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SOCO Student Media from Colorado State University Pueblo

The Today

SOCO Student Media from Colorado State University Pueblo

The Today

SOCO Student Media from Colorado State University Pueblo

The Today

Students participate in Women’s History Month discussions

Photo from http://harveymackay.com/
Photo courtesy of harveymackay.com

Throughout the month of March, CSU-Pueblo has participated in the celebration of Women’s History Month by offering various events related to women’s studies.

On March 17, history professor Judy Gaughan gave a presentation, First Ladies and Emperors’ Wives, in which she compared the women of the Roman Empire and the wives of the U.S. presidents.

Gaughan’s presentation focused on “the relationship between power and gender and also whether there is a line between private and public displays relating to gender,” she said.

The presentation covered the societal perception of genders, specifically women.

Gaughan said she found similarities between first lady Martha Washington and the wife of a Roman emperor, Livia Drusilla.

“Both women had more money than their husbands, more connections, and offered ideal examples of what women should be during their time,” Gaughan said.

Following Gaughan’s presentation, CSU-Pueblo women’s rights group I Am That Girl held an open debate over the book and film “Fifty Shades of Grey.”  Approximately 13 people participated in the discussion, including one male.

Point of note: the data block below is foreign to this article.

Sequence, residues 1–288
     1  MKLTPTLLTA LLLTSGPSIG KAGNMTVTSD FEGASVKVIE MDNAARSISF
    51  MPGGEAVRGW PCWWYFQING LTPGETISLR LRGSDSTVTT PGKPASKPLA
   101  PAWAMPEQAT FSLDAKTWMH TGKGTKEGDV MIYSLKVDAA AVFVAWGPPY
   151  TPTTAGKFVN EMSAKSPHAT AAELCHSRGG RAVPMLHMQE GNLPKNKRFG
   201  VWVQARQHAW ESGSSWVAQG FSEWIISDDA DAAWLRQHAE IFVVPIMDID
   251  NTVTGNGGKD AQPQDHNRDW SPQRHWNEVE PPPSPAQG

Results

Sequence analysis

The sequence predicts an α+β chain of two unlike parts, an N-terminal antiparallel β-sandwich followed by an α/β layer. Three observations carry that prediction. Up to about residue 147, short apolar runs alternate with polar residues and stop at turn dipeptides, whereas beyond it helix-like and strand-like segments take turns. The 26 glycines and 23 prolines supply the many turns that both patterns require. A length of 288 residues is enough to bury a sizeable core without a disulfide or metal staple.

The discussion focused largely on the portrayal of BDSM culture and whether or not “Fifty Shades of Grey” advocates for sexual choices and sexual preferences and whether it permits abusive relationships.

“Lots of people think that the dominant has all of the power and uses the submissive as a play toy for his or her pleasure. In the book and movie, Christian tells Ana that she has full control due to the fact that she can say no,” said Chelsea Frick, a student who participated in the discussion.

Discussion participant Juliette Mogenson said she doesn’t think the book should be sold in the teen section of bookstores.

“Teens do not have the critical thinking skills about the situation and are impressionable. Because it’s a top-selling book and the movie makes sex seem cool and romantic, teens are getting involved in unsafe situations. The book and movie make it seem okay for women to be treated in such a way as Christian treats Ana,” Mogenson said.

Eliana Taylor said she thinks the book encourages women to make their own sexual choices.

“We don’t have a right to say whether or not these personal choices are wrong. Being submissive is different than being battered. Just because Ana was submissive in the bedroom doesn’t mean she submitted to Christian in public realms,” she said.

During the third round of the discussion, students discussed whether or not “Fifty Shades of Grey” normalizes abusive relationships.

“I fear that women will be exposed to this and think that its normal to be hit by their significant other, that they should like it. And I’m afraid that men will think to themselves that physical harm could be something new and exciting to try to liven up the bedroom,” participant Trevor Hardin said.

Taylor said she doesn’t think the movie normalizes abuse but instead puts a spotlight on BDSM culture. She also said that as the book progresses, the abuse becomes more minimal.

Makayla Miller argued that “even though Ana leaves Christian she ends up going back to him. This seems like a problem because it shows women that they can run back to the same unhealthy relationship.”

Miller went on to discuss the similarity between porn and “Fifty Shades of Grey.”

“Women who are disturbed by men watching porn are reading this book. It’s a double standard. We can’t be offended by men’s choices when we are essentially doing the same thing,” she said.

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